Genomics techniques are moving at a fast pace (Junker and van Oudenaarden 2014), and it is now possible in one experiment to obtain the genome-wide expression profiles of thousands of individual cells. However, imaging techniques still hold a large number of advantages. Light microscopy has exquisite resolution, in both space and time. Transcription imaging is by nature a single-cell technique, and it allows identifying rare relevant cell types in complex mixed cell populations or tissues and measuring their expression quantitatively (Cochella and Hobert 2012). In contrast with genomics-based single-cell techniques, transcription imaging can easily be combined with other observables. This allows correlating transcription levels to important variables such as upstream TF availability or other factors (e.g., cell size or cell-cycle stage) that are usually hard to access in genomics experiments. Applying techniques used in superresolution, it is currently possible to image individual molecules with a localization precision of 40 nm in x,y (a cube of 40-nm size encompasses on average a few kilobase pairs of genomic DNA in a typical mammalian nucleus). This spatial resolving power allows comparing the expression of individual alleles within the same nucleus to evaluate their correlation, an important tool to study transcription bursting and expression variability (Gandhi et al. 2011; Kalo et al. 2015). Although constitutively expressed genes are transcribed stochastically in an uncorrelated fashion, activation of a signaling pathway can trigger a correlated behavior (Kalo et al. 2015). The current spatial resolution is on par with the length scales relevant to address one of the long-standing questions in the transcription field: What is the molecular mechanism of enhancer – promoter communication? So far this question has been tackled only by ensemble techniques (3C and variants) or fixed-cell-based imaging (DNA FISH) where the preservation of fine chromatin structure after fixation, DNA denaturation, and permeabilization steps may be suspect. Live-cell imaging is currently the only technique that has the potential to measure both the transcription levels of a gene and its native chromatin architecture, at the single-locus level. By fluorescently labeling loci in cells with various tagging techniques (Chen et al. 2013; Hensel et al. 2013), one could imagine correlating, in real time, the looping of an enhancer with its cognate promoter and correlate it with the transcriptional activity of the regulated gene. Such experiments will be crucial to help understand how chromatin architecture and TF binding regulate the expression of developmental genes.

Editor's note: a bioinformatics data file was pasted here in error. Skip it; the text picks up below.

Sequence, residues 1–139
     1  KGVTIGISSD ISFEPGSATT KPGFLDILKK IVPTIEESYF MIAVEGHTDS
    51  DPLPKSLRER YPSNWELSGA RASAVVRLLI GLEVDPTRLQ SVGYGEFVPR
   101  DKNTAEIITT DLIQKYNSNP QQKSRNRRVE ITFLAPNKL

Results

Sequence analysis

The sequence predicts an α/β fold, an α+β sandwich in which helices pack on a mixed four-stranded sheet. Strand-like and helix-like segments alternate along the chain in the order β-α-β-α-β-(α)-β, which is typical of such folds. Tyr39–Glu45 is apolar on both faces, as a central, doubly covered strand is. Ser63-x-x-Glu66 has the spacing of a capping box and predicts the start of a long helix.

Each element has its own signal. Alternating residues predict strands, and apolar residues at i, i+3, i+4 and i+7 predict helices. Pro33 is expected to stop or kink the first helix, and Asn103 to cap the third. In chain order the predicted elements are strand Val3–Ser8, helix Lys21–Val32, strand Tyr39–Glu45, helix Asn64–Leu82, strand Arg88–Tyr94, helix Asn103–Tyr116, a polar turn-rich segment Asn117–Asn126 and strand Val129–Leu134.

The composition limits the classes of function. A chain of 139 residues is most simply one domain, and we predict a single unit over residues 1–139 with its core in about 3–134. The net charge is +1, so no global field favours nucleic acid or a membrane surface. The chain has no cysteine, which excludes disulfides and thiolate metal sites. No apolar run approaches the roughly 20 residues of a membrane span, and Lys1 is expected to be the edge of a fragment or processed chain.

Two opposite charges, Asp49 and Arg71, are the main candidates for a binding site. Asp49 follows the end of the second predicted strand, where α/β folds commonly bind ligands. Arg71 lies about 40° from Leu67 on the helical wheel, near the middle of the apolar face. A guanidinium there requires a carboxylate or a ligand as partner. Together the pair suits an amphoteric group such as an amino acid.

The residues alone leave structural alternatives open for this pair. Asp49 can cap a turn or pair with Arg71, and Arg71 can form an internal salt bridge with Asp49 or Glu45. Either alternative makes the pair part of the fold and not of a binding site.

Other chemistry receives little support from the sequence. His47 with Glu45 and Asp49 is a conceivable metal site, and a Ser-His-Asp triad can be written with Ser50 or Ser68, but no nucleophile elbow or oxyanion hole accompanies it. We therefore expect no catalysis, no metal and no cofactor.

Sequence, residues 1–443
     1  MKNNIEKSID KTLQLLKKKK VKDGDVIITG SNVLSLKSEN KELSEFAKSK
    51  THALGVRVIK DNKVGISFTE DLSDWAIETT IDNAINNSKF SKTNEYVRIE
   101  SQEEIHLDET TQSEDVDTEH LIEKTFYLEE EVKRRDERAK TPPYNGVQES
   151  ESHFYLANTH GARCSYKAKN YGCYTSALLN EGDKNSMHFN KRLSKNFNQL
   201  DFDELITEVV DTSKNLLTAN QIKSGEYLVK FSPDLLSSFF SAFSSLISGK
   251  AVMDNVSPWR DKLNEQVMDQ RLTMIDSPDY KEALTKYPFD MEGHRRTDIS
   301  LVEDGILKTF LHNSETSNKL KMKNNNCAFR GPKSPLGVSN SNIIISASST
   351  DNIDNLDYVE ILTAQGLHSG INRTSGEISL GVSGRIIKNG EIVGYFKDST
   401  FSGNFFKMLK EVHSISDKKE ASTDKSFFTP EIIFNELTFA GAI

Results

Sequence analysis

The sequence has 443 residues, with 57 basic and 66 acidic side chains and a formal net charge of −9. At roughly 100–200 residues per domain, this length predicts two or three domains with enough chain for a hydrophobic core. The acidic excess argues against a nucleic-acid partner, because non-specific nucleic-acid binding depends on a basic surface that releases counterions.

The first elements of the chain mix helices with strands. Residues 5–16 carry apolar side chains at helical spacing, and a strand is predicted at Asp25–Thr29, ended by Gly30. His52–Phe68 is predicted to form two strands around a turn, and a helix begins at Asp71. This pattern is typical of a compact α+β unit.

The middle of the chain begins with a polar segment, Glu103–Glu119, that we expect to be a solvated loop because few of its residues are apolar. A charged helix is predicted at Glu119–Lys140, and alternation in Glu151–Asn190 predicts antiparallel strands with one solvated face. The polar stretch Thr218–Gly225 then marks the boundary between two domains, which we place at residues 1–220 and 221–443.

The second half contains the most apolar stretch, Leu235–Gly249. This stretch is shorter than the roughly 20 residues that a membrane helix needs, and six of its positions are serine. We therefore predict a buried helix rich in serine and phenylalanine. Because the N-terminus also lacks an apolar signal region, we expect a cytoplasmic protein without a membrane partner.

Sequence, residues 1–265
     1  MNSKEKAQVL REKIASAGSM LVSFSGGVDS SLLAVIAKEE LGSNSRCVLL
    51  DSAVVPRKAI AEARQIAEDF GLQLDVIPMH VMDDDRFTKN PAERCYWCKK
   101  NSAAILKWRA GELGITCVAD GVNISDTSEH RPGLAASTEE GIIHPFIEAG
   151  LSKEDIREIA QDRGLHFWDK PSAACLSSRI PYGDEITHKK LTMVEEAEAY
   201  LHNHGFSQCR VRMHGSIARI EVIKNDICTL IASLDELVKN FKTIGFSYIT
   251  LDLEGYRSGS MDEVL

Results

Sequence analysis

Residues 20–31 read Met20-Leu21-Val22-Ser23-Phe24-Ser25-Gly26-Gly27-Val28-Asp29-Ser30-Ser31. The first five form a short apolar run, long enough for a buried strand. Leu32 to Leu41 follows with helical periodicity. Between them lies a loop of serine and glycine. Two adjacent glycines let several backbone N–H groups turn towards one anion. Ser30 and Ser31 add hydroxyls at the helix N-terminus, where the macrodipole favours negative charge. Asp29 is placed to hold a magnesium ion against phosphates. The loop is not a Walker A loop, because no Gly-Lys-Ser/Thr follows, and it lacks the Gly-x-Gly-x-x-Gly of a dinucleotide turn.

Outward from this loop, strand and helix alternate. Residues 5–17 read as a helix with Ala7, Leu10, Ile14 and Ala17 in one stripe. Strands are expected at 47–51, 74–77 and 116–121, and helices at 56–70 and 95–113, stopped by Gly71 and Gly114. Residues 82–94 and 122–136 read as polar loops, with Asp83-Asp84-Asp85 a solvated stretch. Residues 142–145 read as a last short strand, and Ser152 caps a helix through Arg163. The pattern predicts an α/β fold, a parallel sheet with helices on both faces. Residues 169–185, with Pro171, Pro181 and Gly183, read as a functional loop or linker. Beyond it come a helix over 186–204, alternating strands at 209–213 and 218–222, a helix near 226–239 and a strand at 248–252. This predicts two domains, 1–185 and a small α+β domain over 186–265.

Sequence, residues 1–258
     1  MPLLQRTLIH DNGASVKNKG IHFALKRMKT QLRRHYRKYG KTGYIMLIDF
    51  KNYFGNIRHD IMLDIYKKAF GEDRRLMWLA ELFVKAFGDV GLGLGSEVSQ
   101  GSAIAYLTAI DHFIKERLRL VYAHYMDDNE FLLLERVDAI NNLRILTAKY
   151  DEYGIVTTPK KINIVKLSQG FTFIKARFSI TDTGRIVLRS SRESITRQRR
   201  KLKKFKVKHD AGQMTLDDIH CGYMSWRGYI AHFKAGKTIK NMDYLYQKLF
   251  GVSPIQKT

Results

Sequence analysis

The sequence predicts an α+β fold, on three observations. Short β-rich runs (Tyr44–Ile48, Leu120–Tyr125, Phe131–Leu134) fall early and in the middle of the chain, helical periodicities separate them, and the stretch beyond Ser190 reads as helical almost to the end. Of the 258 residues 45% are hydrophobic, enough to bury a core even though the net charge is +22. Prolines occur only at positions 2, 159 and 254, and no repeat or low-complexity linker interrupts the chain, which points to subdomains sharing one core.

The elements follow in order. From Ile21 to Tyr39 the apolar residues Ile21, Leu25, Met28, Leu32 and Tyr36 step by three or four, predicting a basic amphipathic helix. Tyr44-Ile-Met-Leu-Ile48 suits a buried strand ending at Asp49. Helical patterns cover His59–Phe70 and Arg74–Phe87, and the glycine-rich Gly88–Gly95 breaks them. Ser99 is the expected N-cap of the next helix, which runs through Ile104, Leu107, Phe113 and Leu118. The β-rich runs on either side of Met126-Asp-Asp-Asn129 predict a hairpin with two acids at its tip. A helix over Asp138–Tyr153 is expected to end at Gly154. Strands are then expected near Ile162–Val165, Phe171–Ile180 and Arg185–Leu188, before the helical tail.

Finally, throughput has long been a limitation of imaging-based techniques. However, recent progress in barcoding in situ techniques and in situ sequencing (Levsky et al. 2002; Lubeck and Cai 2012; Levesque and Raj 2013; Lee et al. 2014; Lubeck et al. 2014; Chen et al. 2015) are now making it possible to image tens to thousands of genes in the same cell at the same time, opening the door to studying network-level regulation in single cells.